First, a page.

My own view is that one should not be fixated on the size of the debt carried by a household, so much as whether that debt is supporting sound investments in things like housing and education, rather than supporting consumption habits that are unsustainable. That is a difficult thing to ascertain. My hope is that KiwiSaver will prompt a greater degree of awareness in the community about how wealth is created and how it should be managed over one’s life-cycle.

Our vision for economic development is very much tied in with a vision for social development. It is a matter of great pride to us that economic growth has been accompanied by measurable improvements in a variety of social indicators. New Zealanders in 2006 are wealthier, healthier, more secure from crime, better educated, and better connected to the global economy than in 1999. Within a few years time we hope to add to that list that the average New Zealander has a more tangible stake in the future through active participation in a savings scheme.

So, when we consider the economic outlook at the start of 2006, it is very important to consider what we have achieved and the degree of positive momentum that creates. Contrary to what some sections of the media would like us think, none of this gain is under threat as our economy goes into a soft patch that has long been foreshadowed.

We are facing slowing growth this year, but that reflects cyclical factors rather than a structural change to New Zealand's outlook. This will not be a painless process, as the recent job losses in some sectors confirm.

There are two important factors to bear in mind as we enter this soft patch. The first is that, just as the New Zealand economy has surprised most commentators by its resilience in sustaining above trend growth for five years, so too we should be prepared for the possibility that it will bounce back sooner and stronger than has been the case in previous cyclical downturns.

Indeed, what the consensus forecasts are now starting to show is that the slowdown may not be as severe as in previous cycles. They suggest that while growth will slow, the trough of the cycle will not be as deep as it has been in the past. According to the Treasury, annual average real GDP growth is expected to trough at around 1.6 percent.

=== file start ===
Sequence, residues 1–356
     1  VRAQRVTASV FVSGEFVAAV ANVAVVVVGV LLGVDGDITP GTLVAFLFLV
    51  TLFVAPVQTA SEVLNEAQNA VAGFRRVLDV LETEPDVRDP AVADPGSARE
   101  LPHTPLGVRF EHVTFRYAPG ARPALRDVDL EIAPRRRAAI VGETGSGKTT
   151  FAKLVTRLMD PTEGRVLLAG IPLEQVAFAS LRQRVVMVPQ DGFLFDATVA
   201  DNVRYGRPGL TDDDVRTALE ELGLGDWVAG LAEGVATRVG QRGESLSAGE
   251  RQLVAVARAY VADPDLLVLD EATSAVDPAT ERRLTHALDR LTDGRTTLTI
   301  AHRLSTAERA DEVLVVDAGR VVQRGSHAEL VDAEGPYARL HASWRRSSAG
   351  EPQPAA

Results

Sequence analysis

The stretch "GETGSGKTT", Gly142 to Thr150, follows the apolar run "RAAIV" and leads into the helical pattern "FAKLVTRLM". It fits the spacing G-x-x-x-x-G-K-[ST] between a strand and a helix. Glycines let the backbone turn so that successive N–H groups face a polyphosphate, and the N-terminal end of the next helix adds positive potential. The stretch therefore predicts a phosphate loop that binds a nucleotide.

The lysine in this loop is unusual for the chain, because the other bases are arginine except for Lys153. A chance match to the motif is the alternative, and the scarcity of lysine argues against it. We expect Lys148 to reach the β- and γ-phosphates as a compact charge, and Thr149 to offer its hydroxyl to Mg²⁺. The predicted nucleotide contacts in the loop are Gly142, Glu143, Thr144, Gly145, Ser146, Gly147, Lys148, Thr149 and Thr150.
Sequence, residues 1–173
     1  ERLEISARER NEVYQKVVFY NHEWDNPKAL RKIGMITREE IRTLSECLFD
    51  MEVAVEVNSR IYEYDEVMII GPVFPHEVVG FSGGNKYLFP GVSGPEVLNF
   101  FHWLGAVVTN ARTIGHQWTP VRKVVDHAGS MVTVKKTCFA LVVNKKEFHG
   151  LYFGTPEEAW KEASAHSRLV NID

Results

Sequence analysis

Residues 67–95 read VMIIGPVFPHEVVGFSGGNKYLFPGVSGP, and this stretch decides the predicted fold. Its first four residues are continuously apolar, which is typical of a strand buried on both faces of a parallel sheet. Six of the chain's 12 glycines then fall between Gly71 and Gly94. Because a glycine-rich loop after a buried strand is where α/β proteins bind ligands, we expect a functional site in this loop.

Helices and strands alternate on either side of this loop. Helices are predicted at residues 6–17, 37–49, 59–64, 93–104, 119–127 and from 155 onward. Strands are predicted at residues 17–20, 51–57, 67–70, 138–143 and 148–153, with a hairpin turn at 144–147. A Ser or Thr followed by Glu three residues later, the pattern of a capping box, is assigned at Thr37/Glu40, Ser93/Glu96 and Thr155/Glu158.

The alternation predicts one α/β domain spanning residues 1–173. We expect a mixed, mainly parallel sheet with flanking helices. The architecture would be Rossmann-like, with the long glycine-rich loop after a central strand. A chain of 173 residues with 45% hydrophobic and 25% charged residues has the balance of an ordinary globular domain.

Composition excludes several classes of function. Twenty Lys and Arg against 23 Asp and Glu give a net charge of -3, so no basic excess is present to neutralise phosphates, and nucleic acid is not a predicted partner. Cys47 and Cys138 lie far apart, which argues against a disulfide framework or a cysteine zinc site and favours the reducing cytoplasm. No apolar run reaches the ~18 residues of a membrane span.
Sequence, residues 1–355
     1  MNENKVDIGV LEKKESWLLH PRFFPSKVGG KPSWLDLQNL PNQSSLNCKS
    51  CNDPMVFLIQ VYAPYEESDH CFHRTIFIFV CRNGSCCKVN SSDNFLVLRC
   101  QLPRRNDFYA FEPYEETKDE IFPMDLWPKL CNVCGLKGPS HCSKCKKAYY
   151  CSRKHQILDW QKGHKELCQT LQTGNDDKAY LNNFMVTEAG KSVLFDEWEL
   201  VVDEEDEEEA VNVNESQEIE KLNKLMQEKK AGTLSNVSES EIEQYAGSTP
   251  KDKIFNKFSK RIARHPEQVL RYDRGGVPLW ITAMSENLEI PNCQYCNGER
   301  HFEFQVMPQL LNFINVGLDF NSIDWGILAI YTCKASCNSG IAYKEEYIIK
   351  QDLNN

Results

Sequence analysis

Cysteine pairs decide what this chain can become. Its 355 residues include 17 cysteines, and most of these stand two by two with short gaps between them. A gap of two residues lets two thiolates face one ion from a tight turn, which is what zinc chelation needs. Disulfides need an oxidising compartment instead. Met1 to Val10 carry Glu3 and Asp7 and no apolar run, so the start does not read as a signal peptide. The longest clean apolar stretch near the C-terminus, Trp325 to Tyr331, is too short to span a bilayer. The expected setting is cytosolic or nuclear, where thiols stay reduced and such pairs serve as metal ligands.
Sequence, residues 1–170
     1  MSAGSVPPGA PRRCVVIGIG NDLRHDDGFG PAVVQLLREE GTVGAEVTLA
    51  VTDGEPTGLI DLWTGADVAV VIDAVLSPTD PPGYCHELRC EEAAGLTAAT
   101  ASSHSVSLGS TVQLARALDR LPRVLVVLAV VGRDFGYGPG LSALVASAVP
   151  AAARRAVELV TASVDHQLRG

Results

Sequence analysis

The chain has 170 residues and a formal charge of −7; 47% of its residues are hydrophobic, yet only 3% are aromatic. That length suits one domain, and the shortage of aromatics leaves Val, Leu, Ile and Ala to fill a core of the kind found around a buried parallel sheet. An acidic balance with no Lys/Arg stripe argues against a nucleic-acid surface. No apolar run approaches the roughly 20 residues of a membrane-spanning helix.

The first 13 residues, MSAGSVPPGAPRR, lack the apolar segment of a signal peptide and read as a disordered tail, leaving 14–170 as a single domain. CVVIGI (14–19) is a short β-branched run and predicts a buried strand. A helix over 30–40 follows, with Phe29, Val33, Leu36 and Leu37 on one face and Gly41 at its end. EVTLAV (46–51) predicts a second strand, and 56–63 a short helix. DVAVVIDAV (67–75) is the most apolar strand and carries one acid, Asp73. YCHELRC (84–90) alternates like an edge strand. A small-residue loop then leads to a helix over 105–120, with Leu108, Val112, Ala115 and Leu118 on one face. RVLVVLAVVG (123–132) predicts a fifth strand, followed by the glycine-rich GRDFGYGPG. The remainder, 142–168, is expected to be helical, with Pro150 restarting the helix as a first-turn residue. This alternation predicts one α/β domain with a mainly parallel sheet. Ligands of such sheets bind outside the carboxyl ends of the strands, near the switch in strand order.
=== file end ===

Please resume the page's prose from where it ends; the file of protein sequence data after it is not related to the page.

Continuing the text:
This resilience comes from a number of factors:

- First, as I have mentioned, we have a robust and flexible labour market. While unemployment is expected to rise over the next few years, by historical standards it is expected to remain below 5 percent.

- Second, the relatively tight labour market is expected to contribute to relatively strong wage growth, contributing to reasonable income growth for households. This effect will be underpinned by the Working for Families tax changes, as I have already mentioned.

- Third, New Zealand households have experienced considerable wealth gains over recent years with strong house price growth a significant factor. While house prices are not expected to grow in the medium term, there is little expectation of significant nominal price decline. In other words, our homes will remain a very bankable asset.

- Fourth, and very importantly, the growth outlook for our trading partners is good, with consensus forecasts expecting a return to growth of approximately 3.5 percent per annum, consistent with the medium-term trend. In recent decades, New Zealand’s economy has only gone into recession as a response to weak trading partner growth. The 1997 Asian economic crisis was the most recent trigger. Unless the global outlook suddenly turns sour, the chance of a recession here looks very remote.